This is a topic I wanted to discuss because I have seen quite a few articles mentioning the continued up rise in Colorism and specifically in the entertainment world. Id first like to address what Colorism is, I describe it as color preference within a group of people that have the same nationality. I am going to focus this conversation on African American people, although it is found in other minority races, its a trending topic in the Black community.  

My first encounter with colorism actually started as a girl in middle school.  It was something so simple that I didnt realize would become a issue within the black community. I remember being in 7th or 8th grade, and this is the era in my life where I started to like boys and they started to like me back or at least weren’t shy about showing it lol. I am a fair skinned girl so I would fall into the light skin category.  I remember young boys would have the conversation about which type preferred to date light skin or dark skin girls.  It was funny that this was even a topic of conversation but I remember them saying, I prefer light skin girls but I’d date a dark skin girl if she was FINE.  As a child I didnt pay much attention to these young boys comments but they ended up following to Highschool and college.  Now there were guys who indeed liked dark skin girls but it would always have to be explained which made no sense to me for example, they would say something like ” I don’t like light skin girls because they stuck up or think their all that, dark skin girls are cool and down to earth or I like dark skin girls because my mom is dark skin.”  It seemed like it was always a REASON instead of liking all women regardless of color.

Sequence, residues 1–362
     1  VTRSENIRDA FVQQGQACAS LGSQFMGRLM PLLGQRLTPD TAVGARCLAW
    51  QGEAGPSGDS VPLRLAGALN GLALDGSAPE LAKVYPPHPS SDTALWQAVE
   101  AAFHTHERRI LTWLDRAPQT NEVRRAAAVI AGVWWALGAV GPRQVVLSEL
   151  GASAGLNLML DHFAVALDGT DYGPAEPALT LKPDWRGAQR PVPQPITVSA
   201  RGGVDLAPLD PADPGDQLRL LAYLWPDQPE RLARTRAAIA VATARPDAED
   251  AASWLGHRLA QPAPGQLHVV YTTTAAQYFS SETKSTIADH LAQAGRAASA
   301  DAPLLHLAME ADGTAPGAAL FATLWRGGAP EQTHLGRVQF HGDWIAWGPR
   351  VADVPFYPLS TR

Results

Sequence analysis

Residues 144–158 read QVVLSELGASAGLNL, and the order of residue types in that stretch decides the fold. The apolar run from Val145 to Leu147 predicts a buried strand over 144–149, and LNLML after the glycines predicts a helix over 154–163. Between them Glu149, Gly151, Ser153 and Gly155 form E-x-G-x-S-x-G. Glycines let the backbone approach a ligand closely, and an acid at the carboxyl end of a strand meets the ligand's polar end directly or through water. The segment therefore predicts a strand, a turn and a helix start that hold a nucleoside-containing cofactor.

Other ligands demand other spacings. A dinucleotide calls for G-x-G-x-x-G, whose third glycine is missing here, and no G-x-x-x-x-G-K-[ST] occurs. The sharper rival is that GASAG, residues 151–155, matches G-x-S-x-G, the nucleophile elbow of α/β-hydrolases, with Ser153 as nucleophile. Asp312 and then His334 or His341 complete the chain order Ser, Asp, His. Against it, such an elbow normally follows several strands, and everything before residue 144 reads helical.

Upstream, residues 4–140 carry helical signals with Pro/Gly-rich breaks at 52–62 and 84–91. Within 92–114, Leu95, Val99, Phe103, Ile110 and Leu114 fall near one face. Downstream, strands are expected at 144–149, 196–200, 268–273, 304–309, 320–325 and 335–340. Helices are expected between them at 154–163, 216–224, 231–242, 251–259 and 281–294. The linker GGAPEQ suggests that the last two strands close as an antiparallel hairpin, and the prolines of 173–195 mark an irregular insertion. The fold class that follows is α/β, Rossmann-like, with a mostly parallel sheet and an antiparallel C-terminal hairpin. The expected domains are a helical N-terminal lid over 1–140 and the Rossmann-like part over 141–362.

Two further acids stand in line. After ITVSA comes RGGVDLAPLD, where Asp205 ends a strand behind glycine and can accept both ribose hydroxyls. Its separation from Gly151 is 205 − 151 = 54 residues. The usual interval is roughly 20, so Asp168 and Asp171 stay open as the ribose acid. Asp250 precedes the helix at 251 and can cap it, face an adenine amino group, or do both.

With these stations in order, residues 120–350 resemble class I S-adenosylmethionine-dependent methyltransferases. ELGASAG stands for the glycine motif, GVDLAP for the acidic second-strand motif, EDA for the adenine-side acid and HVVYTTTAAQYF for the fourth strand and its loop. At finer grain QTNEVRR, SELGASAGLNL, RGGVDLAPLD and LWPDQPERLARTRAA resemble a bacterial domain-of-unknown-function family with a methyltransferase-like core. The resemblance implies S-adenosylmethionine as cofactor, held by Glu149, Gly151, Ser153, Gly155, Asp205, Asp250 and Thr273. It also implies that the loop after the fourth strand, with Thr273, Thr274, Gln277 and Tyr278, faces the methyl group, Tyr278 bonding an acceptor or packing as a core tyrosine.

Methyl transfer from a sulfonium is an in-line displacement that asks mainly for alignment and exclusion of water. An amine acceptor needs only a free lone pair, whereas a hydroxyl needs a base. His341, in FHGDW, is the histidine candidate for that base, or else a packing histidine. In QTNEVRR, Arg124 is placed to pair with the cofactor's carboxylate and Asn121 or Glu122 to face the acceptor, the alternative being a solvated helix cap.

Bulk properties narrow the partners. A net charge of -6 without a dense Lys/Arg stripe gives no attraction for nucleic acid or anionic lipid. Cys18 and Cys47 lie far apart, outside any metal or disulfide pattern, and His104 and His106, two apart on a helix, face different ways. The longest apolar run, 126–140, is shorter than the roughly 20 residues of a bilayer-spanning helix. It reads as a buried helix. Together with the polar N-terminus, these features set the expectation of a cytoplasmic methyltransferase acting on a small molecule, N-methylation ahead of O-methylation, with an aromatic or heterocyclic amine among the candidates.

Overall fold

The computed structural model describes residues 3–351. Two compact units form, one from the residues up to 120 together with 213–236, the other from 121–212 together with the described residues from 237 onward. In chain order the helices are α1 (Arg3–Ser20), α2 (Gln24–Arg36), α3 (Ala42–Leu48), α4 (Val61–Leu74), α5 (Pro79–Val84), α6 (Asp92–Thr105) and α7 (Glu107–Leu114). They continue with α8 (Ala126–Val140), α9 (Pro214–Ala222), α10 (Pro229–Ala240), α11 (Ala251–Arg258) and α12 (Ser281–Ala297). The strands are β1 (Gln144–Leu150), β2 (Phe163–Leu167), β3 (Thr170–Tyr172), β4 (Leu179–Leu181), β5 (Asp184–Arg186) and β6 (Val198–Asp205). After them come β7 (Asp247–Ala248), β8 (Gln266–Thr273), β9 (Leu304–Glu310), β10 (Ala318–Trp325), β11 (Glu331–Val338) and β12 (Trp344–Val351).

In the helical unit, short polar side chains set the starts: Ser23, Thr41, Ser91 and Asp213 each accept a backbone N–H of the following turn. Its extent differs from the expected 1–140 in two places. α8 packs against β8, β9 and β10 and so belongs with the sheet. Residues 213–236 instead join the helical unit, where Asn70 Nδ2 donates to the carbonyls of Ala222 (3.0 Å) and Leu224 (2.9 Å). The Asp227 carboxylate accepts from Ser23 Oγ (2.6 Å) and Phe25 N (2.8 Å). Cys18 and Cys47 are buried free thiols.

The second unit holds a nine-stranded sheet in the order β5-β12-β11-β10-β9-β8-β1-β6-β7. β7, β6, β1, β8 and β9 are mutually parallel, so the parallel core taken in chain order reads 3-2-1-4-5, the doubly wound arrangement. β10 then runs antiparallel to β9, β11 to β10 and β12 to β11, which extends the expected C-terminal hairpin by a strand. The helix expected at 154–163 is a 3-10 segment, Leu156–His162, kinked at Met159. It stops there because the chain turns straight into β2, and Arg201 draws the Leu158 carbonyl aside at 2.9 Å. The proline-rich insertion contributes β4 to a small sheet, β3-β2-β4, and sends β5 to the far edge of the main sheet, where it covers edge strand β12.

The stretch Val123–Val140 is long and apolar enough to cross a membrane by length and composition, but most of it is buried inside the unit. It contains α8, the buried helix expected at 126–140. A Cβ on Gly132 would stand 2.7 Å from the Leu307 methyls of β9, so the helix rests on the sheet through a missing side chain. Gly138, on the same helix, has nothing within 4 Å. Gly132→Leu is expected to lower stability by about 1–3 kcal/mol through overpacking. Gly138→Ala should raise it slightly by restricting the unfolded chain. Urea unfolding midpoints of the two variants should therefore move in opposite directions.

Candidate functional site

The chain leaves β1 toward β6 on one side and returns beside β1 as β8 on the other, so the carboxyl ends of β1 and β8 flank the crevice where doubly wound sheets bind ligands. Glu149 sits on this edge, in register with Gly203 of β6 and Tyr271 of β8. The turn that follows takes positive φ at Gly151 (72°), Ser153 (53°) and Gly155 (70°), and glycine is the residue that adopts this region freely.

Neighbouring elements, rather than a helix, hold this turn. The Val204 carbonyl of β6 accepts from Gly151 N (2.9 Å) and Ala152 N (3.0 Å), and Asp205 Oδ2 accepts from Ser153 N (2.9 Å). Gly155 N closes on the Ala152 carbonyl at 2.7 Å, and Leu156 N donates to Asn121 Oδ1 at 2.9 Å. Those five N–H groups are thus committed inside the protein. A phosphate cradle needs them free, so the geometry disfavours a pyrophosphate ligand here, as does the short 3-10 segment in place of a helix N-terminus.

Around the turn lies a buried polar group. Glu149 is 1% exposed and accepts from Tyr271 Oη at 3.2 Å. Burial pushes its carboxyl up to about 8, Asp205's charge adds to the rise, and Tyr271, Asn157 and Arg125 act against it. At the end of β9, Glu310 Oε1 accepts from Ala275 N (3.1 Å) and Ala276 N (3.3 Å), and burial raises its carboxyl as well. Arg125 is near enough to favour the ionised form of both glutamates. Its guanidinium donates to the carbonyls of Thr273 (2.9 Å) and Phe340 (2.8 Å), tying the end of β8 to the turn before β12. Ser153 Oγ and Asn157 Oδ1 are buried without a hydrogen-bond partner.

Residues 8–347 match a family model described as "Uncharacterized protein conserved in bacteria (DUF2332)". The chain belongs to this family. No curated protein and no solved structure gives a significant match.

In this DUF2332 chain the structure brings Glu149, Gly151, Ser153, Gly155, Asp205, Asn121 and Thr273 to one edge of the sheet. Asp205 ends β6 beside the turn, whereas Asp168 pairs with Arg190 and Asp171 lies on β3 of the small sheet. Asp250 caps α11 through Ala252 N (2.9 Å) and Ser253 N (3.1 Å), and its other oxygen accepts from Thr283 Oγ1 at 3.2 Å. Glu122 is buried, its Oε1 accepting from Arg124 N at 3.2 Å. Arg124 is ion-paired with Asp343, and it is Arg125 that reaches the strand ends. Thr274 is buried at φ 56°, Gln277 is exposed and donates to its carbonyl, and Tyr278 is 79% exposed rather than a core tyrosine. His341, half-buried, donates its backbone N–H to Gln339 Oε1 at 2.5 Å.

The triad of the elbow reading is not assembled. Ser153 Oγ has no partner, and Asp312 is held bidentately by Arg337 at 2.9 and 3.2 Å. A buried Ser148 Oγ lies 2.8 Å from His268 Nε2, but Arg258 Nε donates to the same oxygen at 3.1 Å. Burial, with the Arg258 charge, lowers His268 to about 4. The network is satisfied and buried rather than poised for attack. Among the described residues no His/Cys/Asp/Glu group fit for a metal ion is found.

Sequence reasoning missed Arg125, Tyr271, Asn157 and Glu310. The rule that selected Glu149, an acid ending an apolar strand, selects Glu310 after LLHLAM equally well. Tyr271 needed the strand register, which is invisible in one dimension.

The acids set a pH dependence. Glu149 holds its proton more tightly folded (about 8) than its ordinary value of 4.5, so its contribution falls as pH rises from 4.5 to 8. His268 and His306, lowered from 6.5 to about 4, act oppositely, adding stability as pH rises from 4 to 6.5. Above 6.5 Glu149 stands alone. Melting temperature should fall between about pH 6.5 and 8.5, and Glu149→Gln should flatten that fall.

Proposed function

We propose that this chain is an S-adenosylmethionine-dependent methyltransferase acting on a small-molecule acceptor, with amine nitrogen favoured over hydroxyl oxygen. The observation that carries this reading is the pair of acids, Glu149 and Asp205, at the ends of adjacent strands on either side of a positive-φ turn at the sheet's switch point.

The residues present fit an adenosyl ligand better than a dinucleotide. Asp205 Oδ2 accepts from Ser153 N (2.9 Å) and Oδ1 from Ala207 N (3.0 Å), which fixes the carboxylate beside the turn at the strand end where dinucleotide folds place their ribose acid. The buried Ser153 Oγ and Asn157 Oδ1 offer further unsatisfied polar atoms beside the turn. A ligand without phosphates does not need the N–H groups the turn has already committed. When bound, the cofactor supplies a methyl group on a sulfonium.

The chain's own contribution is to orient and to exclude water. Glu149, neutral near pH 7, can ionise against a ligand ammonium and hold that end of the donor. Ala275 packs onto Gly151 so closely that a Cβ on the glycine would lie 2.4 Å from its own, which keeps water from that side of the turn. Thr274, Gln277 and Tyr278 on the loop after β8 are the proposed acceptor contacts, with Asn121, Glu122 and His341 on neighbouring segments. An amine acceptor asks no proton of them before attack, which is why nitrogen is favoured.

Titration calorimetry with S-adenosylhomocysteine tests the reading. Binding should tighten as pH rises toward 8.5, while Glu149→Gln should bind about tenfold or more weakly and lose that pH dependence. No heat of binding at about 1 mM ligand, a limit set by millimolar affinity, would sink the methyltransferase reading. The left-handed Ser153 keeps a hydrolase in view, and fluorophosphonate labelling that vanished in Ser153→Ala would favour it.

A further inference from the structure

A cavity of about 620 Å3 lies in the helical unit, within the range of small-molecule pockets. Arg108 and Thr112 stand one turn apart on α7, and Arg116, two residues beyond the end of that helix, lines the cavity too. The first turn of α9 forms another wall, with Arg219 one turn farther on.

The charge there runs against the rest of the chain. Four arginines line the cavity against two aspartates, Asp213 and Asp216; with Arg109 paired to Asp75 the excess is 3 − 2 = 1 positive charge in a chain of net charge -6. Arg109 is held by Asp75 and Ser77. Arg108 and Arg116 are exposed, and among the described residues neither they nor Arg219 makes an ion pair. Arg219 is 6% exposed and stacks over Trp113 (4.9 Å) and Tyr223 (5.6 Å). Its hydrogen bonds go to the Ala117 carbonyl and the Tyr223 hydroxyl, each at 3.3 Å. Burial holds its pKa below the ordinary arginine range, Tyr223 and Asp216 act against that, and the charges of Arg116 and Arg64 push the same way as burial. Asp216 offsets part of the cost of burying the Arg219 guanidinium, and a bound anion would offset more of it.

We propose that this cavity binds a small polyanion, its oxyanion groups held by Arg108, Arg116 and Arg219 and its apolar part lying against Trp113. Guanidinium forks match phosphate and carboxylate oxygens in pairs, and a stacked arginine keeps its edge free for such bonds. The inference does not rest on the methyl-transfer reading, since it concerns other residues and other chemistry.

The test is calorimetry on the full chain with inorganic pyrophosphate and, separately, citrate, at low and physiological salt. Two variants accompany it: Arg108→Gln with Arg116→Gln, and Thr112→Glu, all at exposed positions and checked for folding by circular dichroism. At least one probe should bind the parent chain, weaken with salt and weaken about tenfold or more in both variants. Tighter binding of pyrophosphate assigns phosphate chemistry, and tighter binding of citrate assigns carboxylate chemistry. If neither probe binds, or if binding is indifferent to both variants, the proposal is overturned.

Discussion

I really started to pay attention to Colorism as an adult when it became pretty evident that in today’s society especially in the music industry some of the most heavily promoted entertainers are fair skin, for example: Mariah Carey, Beyonce, Rhianna, Nicki Minaj, Cardi B, Ella Mai, and these are just to name a few main stream artists.  Don’t get me wrong we have many talented beautiful dark entertainers but how many do we actually see as major headliners? I see some mainstream actresses that are brown skin getting exposure but alot of times its only in the black community such as Gabrielle Union and Issa Rae.  But how many more are great that don’t really get the mainstream exposure? Another example is Khloe Kardashian, she recently had a baby girl, and the father is Black. Her child came out brown skinned instead of the typical fair skin mixed look that many bi-racial babies have.  Her child received criticism from social media on pictures she posted that were comments about her baby being darker than her cousins who were also bi-racial. She had a taste of what it really feels like to raise a black child and some of the negativity we face in our culture.